Global CO2 emissions are being significantly underestimated because the contribution to carbon cycling of more than half of the world’s river networks are being ignored, a new study suggests.
A major international study led by the IRSTEA research institute in France and involving almost 100 partners, including scientists at Nottingham Trent University, looked specifically at ‘temporary rivers’ – which sometimes stop flowing and may dry out completely.
It is known that rivers and streams make a disproportionate contribution to global carbon cycling, but temporary rivers – also known as intermittent rivers and ephemeral streams – aren’t included in current assessments.
As the carbon cycle is a significant influence on changing climate, the researchers say the findings are important to help inform ongoing and future predictions of global change and to develop strategies to maximize ecosystem resilience.
Substantial amounts of terrestrial plant litter such as leaves and wood fall into dry riverbeds and accumulate, before undergoing rapid microbial processing when the water returns.
The study, reported in Nature Geoscience, involved analysing the quality and quantity of terrestrial plant litter from 212 dry riverbeds spanning 22 countries across major environmental gradients and climate zones.
Analysis of the plant litter decomposability showed high levels of O2 consumption and CO2 emissions when short-term rewetting events were simulated.
The research team’s estimates indicated that a single pulse of CO2 emission upon litter rewetting could contribute up to 10% of the daily emissions from temporary rivers, particularly in temperate climates.
Estimates of daily CO2 emissions from inland watercourses could rise from between 7 and 152% if data from temporary rivers are added to existing data, they believe.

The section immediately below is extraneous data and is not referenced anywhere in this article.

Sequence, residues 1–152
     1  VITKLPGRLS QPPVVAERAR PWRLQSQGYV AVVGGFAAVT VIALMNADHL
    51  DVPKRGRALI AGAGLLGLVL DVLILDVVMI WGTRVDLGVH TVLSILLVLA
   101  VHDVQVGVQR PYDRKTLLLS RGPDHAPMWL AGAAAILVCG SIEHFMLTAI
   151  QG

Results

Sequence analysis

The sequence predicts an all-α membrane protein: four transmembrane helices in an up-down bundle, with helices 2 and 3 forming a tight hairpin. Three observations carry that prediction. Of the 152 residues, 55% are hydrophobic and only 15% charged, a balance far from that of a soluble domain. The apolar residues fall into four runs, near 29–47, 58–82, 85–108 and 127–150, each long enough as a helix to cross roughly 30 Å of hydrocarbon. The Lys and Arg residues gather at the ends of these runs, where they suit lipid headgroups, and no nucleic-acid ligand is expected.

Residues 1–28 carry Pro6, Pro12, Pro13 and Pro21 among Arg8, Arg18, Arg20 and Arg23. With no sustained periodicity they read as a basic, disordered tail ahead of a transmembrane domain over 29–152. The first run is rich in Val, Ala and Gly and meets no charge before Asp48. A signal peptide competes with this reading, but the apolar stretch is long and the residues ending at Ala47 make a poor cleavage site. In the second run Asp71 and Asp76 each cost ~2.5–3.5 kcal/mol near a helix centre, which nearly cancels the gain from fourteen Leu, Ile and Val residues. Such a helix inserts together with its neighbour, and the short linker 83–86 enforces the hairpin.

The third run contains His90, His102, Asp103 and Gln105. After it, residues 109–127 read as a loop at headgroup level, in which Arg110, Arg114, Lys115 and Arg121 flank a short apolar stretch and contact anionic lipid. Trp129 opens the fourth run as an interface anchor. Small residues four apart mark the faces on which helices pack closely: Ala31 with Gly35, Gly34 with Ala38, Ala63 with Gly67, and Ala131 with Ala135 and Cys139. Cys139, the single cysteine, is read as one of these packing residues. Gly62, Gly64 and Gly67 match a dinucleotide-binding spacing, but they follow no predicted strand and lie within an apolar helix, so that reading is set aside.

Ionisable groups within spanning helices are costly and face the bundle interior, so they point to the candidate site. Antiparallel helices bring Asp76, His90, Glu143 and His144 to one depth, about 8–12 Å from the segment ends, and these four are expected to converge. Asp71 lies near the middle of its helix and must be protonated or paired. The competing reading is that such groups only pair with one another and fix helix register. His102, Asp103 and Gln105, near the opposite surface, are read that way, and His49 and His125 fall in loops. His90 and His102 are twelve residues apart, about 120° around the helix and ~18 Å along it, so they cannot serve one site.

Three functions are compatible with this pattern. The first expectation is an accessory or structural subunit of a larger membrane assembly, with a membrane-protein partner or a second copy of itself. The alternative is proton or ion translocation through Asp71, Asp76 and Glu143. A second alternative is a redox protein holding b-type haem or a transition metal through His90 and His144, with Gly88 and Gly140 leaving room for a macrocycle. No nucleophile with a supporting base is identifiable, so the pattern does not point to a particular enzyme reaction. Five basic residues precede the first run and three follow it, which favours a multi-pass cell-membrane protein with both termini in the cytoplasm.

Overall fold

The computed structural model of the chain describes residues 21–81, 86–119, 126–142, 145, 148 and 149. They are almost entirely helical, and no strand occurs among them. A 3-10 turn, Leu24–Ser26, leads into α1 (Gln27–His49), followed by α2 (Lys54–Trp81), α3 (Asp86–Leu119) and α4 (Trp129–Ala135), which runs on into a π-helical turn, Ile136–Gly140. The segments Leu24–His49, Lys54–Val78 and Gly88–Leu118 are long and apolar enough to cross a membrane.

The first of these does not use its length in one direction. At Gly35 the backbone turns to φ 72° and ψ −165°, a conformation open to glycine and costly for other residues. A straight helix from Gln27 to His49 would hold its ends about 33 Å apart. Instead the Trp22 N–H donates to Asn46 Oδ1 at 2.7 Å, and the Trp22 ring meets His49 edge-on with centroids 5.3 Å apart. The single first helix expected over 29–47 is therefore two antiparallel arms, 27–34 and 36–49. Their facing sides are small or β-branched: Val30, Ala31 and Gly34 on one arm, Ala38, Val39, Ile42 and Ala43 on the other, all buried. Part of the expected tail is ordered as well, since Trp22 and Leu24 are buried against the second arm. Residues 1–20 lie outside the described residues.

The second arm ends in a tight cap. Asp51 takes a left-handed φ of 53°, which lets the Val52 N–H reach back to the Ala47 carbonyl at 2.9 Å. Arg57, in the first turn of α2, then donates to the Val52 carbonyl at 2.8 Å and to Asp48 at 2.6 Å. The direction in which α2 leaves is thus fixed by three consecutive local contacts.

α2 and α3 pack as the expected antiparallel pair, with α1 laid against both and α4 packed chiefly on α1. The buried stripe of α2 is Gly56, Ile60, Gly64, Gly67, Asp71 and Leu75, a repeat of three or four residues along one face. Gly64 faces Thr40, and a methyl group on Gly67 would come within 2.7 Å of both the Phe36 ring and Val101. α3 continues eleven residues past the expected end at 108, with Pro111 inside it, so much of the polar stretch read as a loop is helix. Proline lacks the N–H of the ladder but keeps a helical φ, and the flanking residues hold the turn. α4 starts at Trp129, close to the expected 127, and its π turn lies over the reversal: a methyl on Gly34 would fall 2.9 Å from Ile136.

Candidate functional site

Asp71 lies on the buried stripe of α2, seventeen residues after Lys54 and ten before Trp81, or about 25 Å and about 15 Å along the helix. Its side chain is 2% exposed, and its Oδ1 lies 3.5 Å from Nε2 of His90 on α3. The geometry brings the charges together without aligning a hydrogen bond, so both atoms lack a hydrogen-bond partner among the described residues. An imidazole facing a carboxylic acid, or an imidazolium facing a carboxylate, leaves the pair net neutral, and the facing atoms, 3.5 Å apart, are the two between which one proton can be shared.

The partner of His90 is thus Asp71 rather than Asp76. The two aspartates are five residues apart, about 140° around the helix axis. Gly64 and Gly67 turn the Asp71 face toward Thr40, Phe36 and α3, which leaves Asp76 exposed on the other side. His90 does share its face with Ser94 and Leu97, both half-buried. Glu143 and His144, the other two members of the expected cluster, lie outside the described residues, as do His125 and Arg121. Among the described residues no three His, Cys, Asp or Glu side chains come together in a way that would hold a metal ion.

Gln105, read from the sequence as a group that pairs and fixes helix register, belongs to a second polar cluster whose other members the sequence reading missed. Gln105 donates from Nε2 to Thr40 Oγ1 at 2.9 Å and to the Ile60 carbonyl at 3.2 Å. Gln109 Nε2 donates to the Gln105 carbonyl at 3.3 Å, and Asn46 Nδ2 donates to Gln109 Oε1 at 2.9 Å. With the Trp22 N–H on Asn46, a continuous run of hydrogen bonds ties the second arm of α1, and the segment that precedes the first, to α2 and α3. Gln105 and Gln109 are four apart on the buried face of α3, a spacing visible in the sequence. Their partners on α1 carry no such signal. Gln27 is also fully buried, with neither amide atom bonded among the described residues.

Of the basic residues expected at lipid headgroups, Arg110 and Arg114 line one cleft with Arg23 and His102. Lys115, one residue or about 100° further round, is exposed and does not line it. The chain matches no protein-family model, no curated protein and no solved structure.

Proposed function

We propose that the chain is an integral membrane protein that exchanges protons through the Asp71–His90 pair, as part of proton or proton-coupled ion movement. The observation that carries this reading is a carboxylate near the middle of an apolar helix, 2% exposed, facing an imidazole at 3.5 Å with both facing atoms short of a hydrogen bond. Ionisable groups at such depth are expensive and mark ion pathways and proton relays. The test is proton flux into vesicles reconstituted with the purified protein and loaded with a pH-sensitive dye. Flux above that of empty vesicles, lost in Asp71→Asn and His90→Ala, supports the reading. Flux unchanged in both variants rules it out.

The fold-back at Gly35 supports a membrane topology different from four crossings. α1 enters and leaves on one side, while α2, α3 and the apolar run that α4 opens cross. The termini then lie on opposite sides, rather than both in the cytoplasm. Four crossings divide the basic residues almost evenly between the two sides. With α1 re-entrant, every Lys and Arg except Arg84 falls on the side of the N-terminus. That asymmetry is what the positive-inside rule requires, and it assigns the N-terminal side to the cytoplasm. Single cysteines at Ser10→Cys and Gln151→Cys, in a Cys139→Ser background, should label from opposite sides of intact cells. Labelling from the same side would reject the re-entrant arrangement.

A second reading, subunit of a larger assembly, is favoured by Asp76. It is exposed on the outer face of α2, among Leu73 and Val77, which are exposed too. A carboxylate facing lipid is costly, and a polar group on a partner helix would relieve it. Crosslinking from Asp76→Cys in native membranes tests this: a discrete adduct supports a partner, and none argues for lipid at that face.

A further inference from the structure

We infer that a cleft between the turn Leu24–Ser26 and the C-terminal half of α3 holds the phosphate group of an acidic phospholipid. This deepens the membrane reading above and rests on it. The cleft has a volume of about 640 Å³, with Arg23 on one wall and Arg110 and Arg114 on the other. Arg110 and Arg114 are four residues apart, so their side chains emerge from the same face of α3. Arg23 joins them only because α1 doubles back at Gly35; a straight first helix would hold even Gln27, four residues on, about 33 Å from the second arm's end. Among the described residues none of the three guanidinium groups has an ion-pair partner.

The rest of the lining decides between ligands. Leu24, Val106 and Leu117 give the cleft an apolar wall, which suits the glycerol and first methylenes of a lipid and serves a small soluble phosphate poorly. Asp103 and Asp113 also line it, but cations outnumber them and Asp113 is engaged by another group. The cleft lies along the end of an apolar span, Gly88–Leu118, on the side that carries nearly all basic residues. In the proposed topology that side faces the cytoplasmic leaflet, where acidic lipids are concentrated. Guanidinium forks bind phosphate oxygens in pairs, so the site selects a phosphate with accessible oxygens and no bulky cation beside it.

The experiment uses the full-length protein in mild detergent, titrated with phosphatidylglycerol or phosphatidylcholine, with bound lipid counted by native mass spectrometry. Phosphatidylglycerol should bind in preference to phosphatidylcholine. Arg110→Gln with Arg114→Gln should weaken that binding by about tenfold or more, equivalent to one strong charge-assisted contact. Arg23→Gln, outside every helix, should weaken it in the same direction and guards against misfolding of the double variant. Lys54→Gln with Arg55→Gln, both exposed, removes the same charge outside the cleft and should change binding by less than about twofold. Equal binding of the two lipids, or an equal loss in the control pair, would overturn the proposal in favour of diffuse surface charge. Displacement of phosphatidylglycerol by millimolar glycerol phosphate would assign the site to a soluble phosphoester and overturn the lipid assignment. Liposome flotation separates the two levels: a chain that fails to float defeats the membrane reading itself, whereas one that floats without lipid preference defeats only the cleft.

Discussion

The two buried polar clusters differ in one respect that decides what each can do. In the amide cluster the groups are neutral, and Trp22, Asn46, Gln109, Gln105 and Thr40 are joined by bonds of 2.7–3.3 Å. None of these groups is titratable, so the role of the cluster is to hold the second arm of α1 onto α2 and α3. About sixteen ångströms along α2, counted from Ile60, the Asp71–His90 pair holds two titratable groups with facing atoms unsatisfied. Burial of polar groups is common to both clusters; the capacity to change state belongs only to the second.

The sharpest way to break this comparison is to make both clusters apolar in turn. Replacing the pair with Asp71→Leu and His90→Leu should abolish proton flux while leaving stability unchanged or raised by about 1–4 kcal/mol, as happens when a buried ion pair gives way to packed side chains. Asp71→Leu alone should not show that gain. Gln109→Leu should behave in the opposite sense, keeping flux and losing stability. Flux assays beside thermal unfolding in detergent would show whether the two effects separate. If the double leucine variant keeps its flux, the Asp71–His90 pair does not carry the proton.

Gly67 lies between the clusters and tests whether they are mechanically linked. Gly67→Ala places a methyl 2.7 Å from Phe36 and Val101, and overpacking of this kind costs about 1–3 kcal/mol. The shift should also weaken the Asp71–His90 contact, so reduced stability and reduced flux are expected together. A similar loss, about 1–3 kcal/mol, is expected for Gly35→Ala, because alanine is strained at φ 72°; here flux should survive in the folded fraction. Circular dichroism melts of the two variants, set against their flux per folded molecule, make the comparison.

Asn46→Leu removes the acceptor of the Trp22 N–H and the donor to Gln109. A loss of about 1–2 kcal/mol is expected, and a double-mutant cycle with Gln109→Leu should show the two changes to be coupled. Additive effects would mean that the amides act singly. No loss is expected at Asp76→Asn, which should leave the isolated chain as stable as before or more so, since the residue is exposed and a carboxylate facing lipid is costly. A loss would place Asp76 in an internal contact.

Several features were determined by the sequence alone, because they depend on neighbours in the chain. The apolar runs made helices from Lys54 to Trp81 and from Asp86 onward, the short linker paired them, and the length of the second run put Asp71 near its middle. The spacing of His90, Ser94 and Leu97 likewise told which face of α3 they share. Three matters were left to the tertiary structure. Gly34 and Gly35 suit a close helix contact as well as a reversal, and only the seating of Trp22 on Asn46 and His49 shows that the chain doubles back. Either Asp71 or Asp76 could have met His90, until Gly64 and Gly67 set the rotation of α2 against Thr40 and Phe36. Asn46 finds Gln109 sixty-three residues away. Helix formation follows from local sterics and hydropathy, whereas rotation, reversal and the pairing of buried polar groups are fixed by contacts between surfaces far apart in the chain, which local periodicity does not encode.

Aridity, cover of vegetation, channel width and duration of the dry phase all contributed to the variability and decomposability of the plant litter, the researchers found.
Although far less studied than permanent rivers, due to climate change and increasing water demands temporary rivers will are becoming more common in many regions, including those with temperate climates such as the UK. This is the first study to look at temporary rivers’ contribution to global carbon cycling.
Dr Rachel Stubbington, senior lecturer in ecology and environmental sciences in Nottingham Trent University’s School of Science and Technology, said: “The return of water to a long-dry riverbed acts as a ‘hot moment’ – a burst of biological activity as dormant microorganisms awaken. Their activity allows the river to ‘breathe’ again, releasing huge amounts of CO2to the atmosphere.
“What we need to work out is how these ‘pulsed’ emissions alter current, global estimates of carbon cycling – and what this means for our ability to adapt to and manage climate change.”Thibault Datry, freshwater scientist at IRSTEA, said: “Very little attention has previously been paid to this plant litter’s fate when a river resumes flowing. Our work implies that the contribution that these dynamic ecosystems make must be included in future global carbon cycling assessments.
“High respiration rates were measured by the research team, reflecting the reactivation of microbial communities within the litter. In turn, this activity released substantial quantities of CO2 into the atmosphere.
“Our results suggest that the exclusion of temporary rivers leads to notable underestimation of the contribution of the world’s river networks to the release of CO2 into the atmosphere.”
The study was part of the ‘1000 Intermittent Rivers Project’, which is an international initiative to gain understanding of the ecology of temporary rivers.